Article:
Genre: Paranormal, Time Travel,
Publisher: Koko Brown
Date of Publication: June 24, 2015
Number of pages: 215+
Word Count: 80,000
Cover Artist: Syneca Featherstone
A Love Frozen In Time…
Reese Johnson yearns for a life other than the world of drudgery she’s settled for as the manager of a comic book store. What’s that they say? Be careful what you wish for! That’s a motto Reese should have tattooed across her forehead. Because Loki, the Norse god of mischief, has just the remedy for the boring life of this woman who denounces his existence.
His recipe for disaster?
Take a 30 year-old woman and send her back in time as a pawn for revenge. Couple her with Eirik Sigurdsson, a Viking Warlord, too arrogant and baggage-laden to be of any use for anything, but battle and bed. Mix thoroughly, folding in a heavy dose of pride, a tyrannical king, and a sympathetic goddess. Bake at high until a white-hot love is unleashed and then forever frozen in time.
Top Ten Reasons to Love a Viking1. They were rolling stones
Women love bad boys, men difficult to pin down. Born with wanderlust, Vikings were the ultimate bad boys. Talented seafarers, historians claim Vikings sailed as far south as Baghdad and as far west as Florida.
2. Vikings were into hygiene
There’s nothing sexier than a man who smells good. Unlike most people before the dawn of indoor plumbing, the Vikings were fastidious about their hygiene almost making it a religion. When at home they would bathe every week. They were said to comb their hair every day, their beards were groomed and they change clothes frequently.
3. Going ‘Berserk’ Wasn’t a Bad Thing
The Vikings believed going crazy wasn’t a bad thing. In fact, going berserk was used to describe a specific type of warrior, a berserker, who worked themselves up into a battle frenzy or what was termed going berserk. Berserkers so terrified their enemies, the word has maintained its meaning to this day.
4. They liked to get their hands dirty
Vikings were great warriors and constant explorers, but deep down they liked to get their hands dirty. And one of the main reasons for raiding and pillaging, and discovering far off places was to find farmland as not all of the land available to the Vikings was suitable for farming.
5. Vikings Were All About Equality
Contrary to their contemporaries, Vikings were quite progressive when it came to the fairer sex. Viking women could divorce their husbands at will, owned property and retained custody of her young children.
Married women, not men, were the heads of their households. They literally held the keys to the castle in that Viking women carried keys on a belt around their waists. These keys were not only a symbol of authority, but also a key to the household’s money and store chests.
And according to some historical accounts, women took up the sword and fought alongside men.
6. The Vikings were Avid Gamers
Faced with long, harsh winters, the Vikings worked hard and played hard—board games that is. Hnefatafl and Bräde were popular board games mentioned in several of the Norse Sagas.
7. Believed Writing Gave a Man Power
In Norse mythology, the runic alphabet was believed to have come from Odin when he sacrificed himself on Yggdrasil, the world tree, tearing them from the trees.
8. Vikings Believed in Fate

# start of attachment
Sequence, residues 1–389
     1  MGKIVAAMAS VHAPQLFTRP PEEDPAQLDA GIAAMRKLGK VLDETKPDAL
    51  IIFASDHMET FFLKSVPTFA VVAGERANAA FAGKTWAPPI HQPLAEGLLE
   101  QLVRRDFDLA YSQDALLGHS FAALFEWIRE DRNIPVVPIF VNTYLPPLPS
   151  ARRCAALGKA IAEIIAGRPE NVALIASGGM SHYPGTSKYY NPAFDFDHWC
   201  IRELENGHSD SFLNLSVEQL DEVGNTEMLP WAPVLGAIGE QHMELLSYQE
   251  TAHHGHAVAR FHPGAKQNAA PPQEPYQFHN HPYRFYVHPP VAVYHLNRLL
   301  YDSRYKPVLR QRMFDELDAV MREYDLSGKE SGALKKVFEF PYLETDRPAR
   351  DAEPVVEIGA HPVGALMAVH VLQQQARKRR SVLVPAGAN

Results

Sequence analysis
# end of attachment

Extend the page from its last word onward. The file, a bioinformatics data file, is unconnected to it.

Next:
The Vikings believed everyone had a destiny. And that upon birth, we are all visited by norns who determine his or her future. The gods and even the world itself had a fate which it could not escape. In that the Vikings believed the world would be destroyed by a cataclysm called Ragnarok, during which most of the gods and mankind would perish, although a few would survive to rebuild a new world.
9. Vikings Kept Their Word
A Vikings word was bond. Liars, especially those who broke an oath of loyalty to one’s comrades, were despised. Such a person was called a Nithing, one who was not even considered a man because he so lacked honor. So despised were Nithings their duplicities would often be documented on a rune-inscribed stone to haunt them long after they’ve died.
10. If the Vikings Didn’t Exist There Might Not Have Been The Lord of the Rings
According to some critics J.R.R. Tolkien’s The Hobbit was influenced by Viking culture. From the Norse Poetic Edda Völuspá, Tolkien borrowed the names of several dwarves and elves: Kili, Fili, Dwalin, Bombur and Gandalf. The final prophetic battle bears similarities to the Vikings belief in Ragnarök, also an end-of days war resulting in a near-complete destruction of the world, from which a new one is created. Even the hobbit homes with their turf roofs were said to be borrowed from the Vikings.
About the Author:
Koko Brown is a USA Today bestselling author and a quintessential romance junkie, who read over two hundred Zebra Club novels the summer before her senior year.
Bit by the writing bug at an early age, Koko self-published and distributed a newspaper to her fellow classmates in the fourth grade. Unfortunately, her principal put her out of business after one best-selling issue.
Undaunted, Koko continued to write and read everything she could get her hands on. She honed her writing skills as a staff writer for her college's newspaper and even wrote obituaries for the local newspaper. One day, while daydreaming in bed, Koko came up with the idea for her first erotic manuscript. In two short weeks, she fleshed out the story, cleaned it up, then sent it to Ellora's Cave. Three months later, she signed a contract for her vampire novel, Charmed.
Koko lives in the great Sunshine State. She loves to travel and shop in thrift stores.
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